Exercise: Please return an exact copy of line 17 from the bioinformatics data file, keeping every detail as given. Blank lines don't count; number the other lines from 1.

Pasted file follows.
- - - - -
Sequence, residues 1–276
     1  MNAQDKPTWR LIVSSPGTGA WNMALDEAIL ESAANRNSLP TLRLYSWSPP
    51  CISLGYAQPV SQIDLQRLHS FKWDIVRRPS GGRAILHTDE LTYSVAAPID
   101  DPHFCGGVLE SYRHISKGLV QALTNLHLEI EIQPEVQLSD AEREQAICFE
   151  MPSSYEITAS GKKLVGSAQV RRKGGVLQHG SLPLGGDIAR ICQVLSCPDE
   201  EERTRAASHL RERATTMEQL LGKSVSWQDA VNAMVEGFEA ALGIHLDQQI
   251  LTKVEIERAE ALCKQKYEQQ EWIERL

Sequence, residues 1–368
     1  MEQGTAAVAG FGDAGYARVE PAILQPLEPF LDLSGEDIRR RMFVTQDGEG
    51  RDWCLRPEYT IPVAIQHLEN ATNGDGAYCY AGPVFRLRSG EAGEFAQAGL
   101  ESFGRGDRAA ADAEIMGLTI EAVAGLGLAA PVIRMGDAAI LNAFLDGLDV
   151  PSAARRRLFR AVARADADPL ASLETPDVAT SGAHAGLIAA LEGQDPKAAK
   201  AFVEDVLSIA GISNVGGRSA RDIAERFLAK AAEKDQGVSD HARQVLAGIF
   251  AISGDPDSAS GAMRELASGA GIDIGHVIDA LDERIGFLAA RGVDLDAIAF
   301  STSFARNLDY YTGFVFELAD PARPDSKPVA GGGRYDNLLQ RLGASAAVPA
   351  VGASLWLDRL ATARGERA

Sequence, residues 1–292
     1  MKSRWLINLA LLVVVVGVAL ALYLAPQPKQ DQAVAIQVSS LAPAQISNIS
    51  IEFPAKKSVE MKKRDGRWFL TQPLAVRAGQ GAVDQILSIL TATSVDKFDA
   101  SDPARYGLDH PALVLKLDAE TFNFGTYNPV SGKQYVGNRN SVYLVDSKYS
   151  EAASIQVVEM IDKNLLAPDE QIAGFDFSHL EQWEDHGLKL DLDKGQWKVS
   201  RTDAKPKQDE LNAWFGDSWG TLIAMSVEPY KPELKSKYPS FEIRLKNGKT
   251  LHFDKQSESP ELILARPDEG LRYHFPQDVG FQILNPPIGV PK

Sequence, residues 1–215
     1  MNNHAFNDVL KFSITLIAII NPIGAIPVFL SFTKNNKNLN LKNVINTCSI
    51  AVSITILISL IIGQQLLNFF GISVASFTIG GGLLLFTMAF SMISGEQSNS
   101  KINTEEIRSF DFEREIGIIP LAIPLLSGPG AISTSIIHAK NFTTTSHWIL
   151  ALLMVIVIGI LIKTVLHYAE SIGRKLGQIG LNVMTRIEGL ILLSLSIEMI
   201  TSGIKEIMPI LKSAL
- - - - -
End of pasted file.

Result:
Sequence, residues 1–292